How logistics affects your shopping
Since the turn of the century, consumer behaviour has been steadily changing in favour of online shopping. Before the advent and popularisation of the Internet, distance selling had come in the form of catalogues and offers in newspapers. Mail Order still exists, but the vast majority of catalogues run alongside an ecommerce offering.
The ease of browsing and the extensive choice that ecommerce brings has triggered a huge change in consumer habits in the last fifteen years. This, in turn, has meant an upturn in the logistics industry; from distribution and warehousing to parcel delivery. Just last month saw the opening of Europe’s largest parcel hub, operated by DPD in Hinckley, Leicestershire. This is the result of a sustained increase in parcel activity, especially in the peak pre-Christmas period.
The proliferation of consumer choice has meant an increase in imports, as more and more manufacturing is contracted out to the Far East. The supply and demand of consumer goods has become a mutual cause and effect, as accessibility changes the expendable nature of everyday items. For example, our parents’ generation might have taken a pair of worn shoes to a cobbler, whereas it can be just as cheap nowadays to simply buy a new pair.
Choosing the right WMS is one of the most important implementations a warehousing provider will make, and it is the customer’s faith in such a system which ultimately educates their decision to award their business. After all, an efficient warehousing operation means minimal wastage of resource. Staffing is of course important for any organisation, but employing staff just to deal with the extra work that is generated through inefficiencies is a bad sign. When a customer sends a pick request or demands an inventory report, that exchange of data has to be flawless, otherwise the business service just isn’t up to standard.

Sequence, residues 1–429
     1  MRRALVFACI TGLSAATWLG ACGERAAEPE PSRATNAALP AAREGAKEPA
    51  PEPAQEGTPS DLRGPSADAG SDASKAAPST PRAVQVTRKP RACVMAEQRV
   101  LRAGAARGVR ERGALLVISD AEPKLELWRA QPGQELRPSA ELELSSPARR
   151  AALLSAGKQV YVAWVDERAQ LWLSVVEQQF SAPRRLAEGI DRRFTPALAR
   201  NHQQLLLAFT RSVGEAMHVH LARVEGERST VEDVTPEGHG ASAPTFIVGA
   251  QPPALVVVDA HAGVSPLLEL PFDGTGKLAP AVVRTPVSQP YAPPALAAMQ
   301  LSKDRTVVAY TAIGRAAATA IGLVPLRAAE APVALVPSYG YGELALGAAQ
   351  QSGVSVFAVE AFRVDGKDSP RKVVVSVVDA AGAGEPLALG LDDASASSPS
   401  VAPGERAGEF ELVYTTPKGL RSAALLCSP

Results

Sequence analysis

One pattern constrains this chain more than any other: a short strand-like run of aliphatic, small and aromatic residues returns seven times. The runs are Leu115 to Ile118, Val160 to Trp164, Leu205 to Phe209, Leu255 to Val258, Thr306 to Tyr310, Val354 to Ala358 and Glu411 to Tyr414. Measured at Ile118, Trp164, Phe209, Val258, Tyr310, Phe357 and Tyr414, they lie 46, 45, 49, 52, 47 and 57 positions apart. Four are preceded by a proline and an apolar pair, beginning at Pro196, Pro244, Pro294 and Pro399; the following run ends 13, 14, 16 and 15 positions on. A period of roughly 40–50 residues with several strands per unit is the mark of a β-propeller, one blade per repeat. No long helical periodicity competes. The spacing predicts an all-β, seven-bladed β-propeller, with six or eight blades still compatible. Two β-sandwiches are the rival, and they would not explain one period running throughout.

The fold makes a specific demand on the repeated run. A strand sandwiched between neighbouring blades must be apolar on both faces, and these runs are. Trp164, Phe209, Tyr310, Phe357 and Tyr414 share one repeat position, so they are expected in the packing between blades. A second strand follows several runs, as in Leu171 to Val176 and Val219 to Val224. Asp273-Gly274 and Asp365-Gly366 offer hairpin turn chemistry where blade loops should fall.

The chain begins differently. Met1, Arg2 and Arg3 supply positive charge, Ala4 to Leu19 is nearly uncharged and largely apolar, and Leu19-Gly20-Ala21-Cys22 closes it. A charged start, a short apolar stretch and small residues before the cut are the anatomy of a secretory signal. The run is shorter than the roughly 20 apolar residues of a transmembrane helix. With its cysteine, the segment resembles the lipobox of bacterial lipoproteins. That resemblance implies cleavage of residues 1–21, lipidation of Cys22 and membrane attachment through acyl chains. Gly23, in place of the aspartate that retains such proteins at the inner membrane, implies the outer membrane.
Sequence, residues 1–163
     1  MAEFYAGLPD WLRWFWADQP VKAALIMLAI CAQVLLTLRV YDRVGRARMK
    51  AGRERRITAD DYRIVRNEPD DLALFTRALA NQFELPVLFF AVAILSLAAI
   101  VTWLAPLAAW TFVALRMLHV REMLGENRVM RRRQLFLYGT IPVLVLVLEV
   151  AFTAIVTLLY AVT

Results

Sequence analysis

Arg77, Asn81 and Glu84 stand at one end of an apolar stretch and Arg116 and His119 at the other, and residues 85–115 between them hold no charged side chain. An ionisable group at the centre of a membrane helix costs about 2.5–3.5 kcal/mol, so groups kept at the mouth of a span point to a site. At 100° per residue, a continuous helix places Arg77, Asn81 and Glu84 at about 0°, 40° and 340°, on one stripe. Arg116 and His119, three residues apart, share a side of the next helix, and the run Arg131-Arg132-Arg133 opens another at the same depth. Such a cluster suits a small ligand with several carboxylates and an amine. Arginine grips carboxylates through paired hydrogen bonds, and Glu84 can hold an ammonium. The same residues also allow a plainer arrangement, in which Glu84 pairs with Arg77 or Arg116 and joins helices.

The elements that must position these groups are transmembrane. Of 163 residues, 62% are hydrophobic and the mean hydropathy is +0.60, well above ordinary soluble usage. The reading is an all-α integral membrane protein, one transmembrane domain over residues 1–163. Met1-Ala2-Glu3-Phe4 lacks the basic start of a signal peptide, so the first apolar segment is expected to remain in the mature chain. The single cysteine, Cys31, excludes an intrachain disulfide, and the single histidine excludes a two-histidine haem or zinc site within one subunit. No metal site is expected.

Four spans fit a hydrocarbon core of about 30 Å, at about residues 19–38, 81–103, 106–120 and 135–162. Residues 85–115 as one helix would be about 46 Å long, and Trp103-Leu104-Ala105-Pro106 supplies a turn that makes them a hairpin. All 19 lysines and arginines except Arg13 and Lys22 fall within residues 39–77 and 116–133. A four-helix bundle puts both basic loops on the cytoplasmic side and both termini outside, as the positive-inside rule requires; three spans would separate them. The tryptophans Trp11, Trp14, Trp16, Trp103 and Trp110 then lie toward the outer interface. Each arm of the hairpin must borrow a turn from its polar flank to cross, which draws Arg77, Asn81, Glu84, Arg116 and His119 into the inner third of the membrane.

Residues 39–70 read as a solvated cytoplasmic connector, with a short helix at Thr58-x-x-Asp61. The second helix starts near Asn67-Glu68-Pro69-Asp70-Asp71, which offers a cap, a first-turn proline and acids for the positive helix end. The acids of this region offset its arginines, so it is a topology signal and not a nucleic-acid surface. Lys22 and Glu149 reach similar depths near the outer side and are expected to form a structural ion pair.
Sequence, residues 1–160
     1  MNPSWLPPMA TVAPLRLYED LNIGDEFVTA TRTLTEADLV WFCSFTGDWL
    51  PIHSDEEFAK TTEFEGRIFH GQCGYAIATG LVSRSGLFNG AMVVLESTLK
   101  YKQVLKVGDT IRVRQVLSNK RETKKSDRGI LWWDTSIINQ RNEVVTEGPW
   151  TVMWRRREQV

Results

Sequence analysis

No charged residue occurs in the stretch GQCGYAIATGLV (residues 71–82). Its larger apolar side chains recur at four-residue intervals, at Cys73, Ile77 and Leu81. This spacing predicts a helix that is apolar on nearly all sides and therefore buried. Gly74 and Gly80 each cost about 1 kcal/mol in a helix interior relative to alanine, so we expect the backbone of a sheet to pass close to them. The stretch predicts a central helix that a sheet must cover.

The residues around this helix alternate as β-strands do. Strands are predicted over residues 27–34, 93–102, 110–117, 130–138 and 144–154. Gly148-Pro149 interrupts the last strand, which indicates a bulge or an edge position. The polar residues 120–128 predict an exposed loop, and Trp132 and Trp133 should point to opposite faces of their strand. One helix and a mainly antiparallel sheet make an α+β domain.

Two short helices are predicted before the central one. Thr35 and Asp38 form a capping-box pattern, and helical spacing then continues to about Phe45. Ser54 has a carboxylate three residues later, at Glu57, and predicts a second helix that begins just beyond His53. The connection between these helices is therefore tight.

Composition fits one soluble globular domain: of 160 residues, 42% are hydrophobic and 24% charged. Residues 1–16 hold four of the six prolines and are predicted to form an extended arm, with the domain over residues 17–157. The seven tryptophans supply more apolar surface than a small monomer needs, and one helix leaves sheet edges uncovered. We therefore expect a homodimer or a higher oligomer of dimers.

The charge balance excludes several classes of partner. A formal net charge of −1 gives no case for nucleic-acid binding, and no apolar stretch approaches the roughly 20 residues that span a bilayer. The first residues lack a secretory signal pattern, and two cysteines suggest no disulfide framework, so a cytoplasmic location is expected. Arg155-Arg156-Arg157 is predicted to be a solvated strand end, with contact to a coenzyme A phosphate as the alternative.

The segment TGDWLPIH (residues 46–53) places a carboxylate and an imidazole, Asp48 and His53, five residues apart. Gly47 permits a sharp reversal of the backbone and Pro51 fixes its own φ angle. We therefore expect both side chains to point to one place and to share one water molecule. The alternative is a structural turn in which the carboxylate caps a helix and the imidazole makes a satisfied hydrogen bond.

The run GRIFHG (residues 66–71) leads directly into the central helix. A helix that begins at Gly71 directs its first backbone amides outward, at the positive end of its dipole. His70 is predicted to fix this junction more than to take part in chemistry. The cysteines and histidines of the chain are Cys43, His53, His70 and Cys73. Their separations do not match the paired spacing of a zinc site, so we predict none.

This consumerism means that the movement of goods is increasing, which affects several industries. Aside from the supply chain, it is also retail models that are evolving. For example, Argos is making the transition quite smoothly from catalogues to online, and its click and collect functionality is being adopted across other industries such as electrical retail.
It’s no secret that Amazon are the largest online retailer. There are currently 8 Amazon Fulfilment Centres in the UK, with a presence in a further 9 countries across Europe. As such, they hold the position as the most ubiquitous of all e-commerce websites. The initiative that has caused the biggest stir has been the concept of aerial drone delivery. The idea is that an Amazon Fulfilment Centre can despatch your goods via a flying vessel, bypassing the standard delivery network. Whilst this rather futuristic method probably won’t be embraced en masse, the click and collect idea that many physical shops are employing seems set to flourish.
With Black Friday and Cyber Monday being adopted in the UK, this Christmas is set to be as busy as ever for British retail. However, there has already been several months of behind-the-scenes activity for suppliers, retailers and supply chain companies. Every gift that is sent to your door has undoubtedly been imported into the UK, then transported to a supplier’s warehouse, then on to a retailer’s warehouse before its final journey to the customer. The shopping is the easy part.
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